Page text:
Gasoline prices — driven primarily by the price surge in crude oil, which is closing in on $80 a barrel — edged upward last week, according to AAA.
Events on the far side of the globe are fueling the recent rise. Social unrest and violence in Kazakhstan, a member of the OPEC+ alliance, have forced that nation to cut production. Before the recent flare-up of violence, Kazakhstan pumped nearly 2 million barrels of crude a day. In contrast, the United States, as the top oil-producing country in the world, pumped an average of 18.6 million barrels a day. Since the global price for oil accounts for nearly half of what consumers pay at the pump, higher oil costs will usually result in higher gasoline costs. The national average for a gallon of gas rose two cents to $3.30.
“Markets, in general, don’t like uncertainty and volatility, and the oil market is no exception,” said Andrew Gross, AAA spokesperson. “The oil production cuts by Kazakhstan demonstrate that in times of tight supply, it doesn’t take much to put upward pressure on the overall price of oil.”
According to new data from the Energy Information Administration (EIA), total domestic gasoline stocks rose by 10.1 million bbl to 232.8 million bbl last week. On the other hand, gasoline demand decreased from 9.72 million b/d to 8.17 million b/d. Typically, pump prices decline due to lower gas demand and a rise in total stocks, but continued growth in the price of crude oil has helped to elevate pump prices. As oil prices continue to climb near $80 a barrel, pump prices will likely follow suit.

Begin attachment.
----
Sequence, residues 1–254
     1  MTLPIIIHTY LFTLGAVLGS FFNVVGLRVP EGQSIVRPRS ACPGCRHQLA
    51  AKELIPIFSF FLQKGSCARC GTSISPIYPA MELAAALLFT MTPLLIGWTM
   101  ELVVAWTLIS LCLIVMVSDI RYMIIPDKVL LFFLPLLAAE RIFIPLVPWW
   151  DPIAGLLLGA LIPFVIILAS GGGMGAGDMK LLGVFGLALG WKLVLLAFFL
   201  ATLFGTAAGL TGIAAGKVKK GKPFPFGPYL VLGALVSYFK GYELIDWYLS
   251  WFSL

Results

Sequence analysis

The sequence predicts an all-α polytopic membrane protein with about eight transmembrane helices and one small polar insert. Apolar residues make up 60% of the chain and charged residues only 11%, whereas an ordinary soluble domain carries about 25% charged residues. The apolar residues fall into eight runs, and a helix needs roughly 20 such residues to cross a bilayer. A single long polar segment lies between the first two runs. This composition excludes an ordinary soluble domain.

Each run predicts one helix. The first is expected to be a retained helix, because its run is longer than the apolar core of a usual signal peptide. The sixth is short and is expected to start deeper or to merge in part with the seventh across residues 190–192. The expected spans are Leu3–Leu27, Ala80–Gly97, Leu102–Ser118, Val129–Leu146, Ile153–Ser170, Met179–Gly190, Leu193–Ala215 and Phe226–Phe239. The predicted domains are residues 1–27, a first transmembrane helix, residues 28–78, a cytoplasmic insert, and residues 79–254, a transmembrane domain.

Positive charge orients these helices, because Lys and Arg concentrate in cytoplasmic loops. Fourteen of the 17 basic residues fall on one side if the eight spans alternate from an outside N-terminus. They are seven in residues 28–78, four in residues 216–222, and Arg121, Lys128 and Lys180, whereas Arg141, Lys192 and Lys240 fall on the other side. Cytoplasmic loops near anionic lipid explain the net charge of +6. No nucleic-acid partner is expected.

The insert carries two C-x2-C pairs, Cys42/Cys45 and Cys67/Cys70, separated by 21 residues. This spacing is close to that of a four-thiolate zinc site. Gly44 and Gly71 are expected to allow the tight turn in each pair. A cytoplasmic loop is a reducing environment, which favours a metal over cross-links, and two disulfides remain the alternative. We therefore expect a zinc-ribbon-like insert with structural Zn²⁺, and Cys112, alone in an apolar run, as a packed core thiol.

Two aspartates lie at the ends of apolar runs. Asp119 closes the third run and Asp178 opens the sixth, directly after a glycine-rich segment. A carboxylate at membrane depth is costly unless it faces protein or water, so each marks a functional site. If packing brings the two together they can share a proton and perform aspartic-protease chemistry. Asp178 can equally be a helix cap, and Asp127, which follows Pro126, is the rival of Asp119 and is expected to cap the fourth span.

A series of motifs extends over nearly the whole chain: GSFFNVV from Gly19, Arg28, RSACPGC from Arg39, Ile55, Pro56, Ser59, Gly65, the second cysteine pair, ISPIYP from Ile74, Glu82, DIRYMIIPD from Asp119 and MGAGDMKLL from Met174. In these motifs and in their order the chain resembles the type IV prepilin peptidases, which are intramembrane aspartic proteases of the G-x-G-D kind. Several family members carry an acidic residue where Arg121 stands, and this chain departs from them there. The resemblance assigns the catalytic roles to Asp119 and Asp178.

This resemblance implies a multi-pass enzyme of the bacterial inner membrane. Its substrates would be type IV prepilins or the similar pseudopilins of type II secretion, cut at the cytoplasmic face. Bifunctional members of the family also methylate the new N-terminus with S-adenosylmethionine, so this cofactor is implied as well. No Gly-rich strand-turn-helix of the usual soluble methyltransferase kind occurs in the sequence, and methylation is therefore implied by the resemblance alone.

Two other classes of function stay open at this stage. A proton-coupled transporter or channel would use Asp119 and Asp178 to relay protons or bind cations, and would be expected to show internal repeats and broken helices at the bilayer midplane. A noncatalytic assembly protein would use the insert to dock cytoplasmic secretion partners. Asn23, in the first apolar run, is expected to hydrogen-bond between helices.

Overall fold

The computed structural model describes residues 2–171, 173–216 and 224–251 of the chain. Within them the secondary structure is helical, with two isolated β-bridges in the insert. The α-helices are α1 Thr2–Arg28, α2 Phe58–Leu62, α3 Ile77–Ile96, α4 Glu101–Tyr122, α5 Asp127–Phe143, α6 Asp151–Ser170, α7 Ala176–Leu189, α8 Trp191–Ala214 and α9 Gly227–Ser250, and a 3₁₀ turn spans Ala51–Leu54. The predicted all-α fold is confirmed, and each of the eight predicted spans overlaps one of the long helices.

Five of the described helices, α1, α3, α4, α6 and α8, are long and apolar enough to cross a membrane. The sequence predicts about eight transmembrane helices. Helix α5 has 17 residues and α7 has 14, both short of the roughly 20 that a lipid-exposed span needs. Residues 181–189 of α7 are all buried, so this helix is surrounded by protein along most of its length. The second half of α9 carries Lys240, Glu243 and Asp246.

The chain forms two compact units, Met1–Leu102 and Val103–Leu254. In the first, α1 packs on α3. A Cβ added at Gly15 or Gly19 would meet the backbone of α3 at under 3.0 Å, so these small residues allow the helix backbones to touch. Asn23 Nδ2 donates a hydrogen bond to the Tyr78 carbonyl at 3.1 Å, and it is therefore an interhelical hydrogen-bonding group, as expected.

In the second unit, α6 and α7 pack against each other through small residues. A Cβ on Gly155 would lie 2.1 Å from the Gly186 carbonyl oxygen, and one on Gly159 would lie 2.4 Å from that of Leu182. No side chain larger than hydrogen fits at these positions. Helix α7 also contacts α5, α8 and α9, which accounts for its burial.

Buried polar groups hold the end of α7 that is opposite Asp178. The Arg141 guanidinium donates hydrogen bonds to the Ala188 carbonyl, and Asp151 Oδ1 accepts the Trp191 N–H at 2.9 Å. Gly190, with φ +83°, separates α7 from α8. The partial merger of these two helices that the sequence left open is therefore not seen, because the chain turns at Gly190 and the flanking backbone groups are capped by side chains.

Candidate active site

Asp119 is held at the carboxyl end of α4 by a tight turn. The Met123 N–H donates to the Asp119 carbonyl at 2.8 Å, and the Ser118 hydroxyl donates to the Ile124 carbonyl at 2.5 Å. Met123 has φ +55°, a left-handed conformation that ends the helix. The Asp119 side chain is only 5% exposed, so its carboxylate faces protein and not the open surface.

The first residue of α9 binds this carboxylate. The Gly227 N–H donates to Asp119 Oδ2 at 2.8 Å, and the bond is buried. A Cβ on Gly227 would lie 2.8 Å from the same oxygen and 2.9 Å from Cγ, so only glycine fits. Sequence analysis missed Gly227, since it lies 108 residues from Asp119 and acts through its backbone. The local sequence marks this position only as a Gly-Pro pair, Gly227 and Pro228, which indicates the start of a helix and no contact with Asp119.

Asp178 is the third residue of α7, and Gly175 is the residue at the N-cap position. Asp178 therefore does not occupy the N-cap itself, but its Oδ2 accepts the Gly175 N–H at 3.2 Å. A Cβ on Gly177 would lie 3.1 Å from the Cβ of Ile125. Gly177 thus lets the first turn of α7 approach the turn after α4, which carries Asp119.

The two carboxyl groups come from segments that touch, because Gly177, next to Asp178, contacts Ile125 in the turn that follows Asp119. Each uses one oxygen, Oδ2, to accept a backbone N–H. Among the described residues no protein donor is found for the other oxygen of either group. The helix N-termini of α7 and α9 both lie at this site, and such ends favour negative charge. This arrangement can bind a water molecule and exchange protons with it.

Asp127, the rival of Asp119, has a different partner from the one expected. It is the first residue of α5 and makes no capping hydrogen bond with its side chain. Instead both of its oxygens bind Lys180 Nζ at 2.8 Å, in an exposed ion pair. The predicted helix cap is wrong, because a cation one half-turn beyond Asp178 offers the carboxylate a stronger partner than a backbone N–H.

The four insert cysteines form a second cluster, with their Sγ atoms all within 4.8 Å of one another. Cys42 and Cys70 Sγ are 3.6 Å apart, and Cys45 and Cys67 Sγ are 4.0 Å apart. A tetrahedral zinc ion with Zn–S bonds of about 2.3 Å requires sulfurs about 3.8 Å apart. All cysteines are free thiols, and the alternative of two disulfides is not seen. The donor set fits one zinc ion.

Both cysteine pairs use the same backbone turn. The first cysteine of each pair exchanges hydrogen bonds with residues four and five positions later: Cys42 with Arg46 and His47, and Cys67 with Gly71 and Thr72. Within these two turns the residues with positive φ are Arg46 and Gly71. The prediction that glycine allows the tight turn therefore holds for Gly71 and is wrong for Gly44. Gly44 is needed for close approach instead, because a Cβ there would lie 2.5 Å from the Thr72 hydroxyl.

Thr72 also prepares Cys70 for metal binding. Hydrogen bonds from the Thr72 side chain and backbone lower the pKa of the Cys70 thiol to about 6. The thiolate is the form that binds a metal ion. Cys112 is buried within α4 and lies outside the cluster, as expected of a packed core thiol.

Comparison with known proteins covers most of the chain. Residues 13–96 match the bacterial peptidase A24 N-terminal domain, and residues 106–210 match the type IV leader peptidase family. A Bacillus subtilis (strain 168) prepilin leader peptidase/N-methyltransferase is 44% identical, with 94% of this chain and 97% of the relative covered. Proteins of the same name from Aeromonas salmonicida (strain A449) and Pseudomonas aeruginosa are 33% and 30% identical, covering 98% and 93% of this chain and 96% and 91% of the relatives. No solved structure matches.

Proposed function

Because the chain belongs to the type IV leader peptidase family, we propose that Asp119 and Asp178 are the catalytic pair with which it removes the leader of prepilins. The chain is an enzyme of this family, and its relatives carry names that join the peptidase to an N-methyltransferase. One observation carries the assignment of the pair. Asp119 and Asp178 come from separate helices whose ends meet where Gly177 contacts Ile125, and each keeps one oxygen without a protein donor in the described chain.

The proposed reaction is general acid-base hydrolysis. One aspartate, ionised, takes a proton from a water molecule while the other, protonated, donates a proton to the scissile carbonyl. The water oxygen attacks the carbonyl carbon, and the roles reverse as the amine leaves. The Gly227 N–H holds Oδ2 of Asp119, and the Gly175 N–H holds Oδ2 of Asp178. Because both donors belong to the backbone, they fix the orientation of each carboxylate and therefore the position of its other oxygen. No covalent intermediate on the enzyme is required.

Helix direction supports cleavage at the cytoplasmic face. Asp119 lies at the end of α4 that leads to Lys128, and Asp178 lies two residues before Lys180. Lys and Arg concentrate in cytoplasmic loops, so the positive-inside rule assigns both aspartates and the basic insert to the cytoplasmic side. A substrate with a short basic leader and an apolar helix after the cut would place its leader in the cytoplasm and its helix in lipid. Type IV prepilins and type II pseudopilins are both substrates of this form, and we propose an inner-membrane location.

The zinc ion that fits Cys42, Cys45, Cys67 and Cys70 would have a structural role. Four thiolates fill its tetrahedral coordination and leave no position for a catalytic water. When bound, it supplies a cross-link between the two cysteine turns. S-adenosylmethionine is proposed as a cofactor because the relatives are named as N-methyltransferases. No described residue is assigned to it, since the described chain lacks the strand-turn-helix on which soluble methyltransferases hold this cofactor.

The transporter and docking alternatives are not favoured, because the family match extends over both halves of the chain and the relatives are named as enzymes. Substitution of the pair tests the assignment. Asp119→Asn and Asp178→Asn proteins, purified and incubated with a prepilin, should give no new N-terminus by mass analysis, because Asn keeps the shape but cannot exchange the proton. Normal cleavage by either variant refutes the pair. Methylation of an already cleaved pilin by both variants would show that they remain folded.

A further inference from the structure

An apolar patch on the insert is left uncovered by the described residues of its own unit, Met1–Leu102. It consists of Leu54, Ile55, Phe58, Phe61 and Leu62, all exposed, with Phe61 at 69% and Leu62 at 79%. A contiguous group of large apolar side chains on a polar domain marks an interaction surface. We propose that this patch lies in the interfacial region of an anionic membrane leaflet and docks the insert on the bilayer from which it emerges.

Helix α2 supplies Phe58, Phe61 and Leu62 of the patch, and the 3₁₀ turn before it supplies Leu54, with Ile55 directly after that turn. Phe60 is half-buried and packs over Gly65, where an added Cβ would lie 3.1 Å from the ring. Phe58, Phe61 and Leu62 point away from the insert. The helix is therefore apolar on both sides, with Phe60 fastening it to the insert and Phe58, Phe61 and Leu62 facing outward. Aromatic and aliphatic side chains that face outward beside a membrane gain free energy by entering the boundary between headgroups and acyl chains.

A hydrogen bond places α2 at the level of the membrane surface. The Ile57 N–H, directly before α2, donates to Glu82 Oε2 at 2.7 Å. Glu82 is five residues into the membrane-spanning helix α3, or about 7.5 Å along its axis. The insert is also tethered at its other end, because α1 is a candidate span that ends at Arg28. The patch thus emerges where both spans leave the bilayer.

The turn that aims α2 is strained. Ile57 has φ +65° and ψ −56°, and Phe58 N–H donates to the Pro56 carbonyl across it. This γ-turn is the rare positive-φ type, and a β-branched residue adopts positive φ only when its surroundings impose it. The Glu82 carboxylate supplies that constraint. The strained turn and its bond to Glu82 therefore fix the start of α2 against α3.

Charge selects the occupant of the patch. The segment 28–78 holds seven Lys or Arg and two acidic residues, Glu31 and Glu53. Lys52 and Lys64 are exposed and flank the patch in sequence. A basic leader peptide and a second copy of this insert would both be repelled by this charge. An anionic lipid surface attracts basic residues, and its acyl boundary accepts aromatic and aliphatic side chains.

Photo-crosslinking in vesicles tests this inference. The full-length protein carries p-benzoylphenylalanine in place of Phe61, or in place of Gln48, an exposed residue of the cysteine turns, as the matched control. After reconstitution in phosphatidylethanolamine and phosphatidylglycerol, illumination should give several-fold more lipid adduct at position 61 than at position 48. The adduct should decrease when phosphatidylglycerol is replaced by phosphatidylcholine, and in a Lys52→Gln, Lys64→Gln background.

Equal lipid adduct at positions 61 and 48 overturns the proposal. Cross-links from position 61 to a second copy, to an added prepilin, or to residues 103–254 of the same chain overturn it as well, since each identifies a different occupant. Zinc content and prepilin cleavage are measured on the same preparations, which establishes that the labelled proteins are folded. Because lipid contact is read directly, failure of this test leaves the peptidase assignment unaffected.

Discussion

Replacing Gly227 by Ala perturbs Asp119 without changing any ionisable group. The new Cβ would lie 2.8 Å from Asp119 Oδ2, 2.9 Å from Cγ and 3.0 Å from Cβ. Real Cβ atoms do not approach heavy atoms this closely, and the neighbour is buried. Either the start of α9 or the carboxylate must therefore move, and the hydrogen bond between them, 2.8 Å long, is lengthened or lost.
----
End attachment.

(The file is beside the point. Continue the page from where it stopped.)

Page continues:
Today’s national average of $3.30 is three cents less than a month ago and $1.01 more than a year ago.
- The nation’s top 10 largest weekly increases: Indiana (+17 cents), Ohio (+14 cents), Illinois (+10 cents), Michigan (+9 cents), Oregon (+8 cents), Oklahoma (+5 cents), Washington (+5 cents), Kentucky (+4 cents), Tennessee (+4 cents) and Alaska (+2 cents).
- The nation’s top 10 most expensive markets: California ($4.65), Hawaii ($4.31), Washington ($3.93), Oregon ($3.89), Nevada ($3.82), Alaska ($3.73), Arizona ($3.60), Idaho ($3.55), Pennsylvania ($3.52) and Connecticut ($3.49).
Oil Market Dynamics
At the close of Friday’s formal trading session, WTI decreased by 56 cents to settle at $78.90. Although prices moved lower on Friday due to contract pricing fluctuations at the beginning of the year and demand concerns over the COVID-19 omicron variant, crude prices increased overall last week after the EIA reported that total domestic crude stocks decreased by 2.1 million bbl last week to 417.9 million bbl.
The current stock level is approximately 14% lower than at the end of December 2020, contributing to pressure on domestic crude prices. For this week, crude prices could continue to climb if EIA’s next report shows another inventory decline.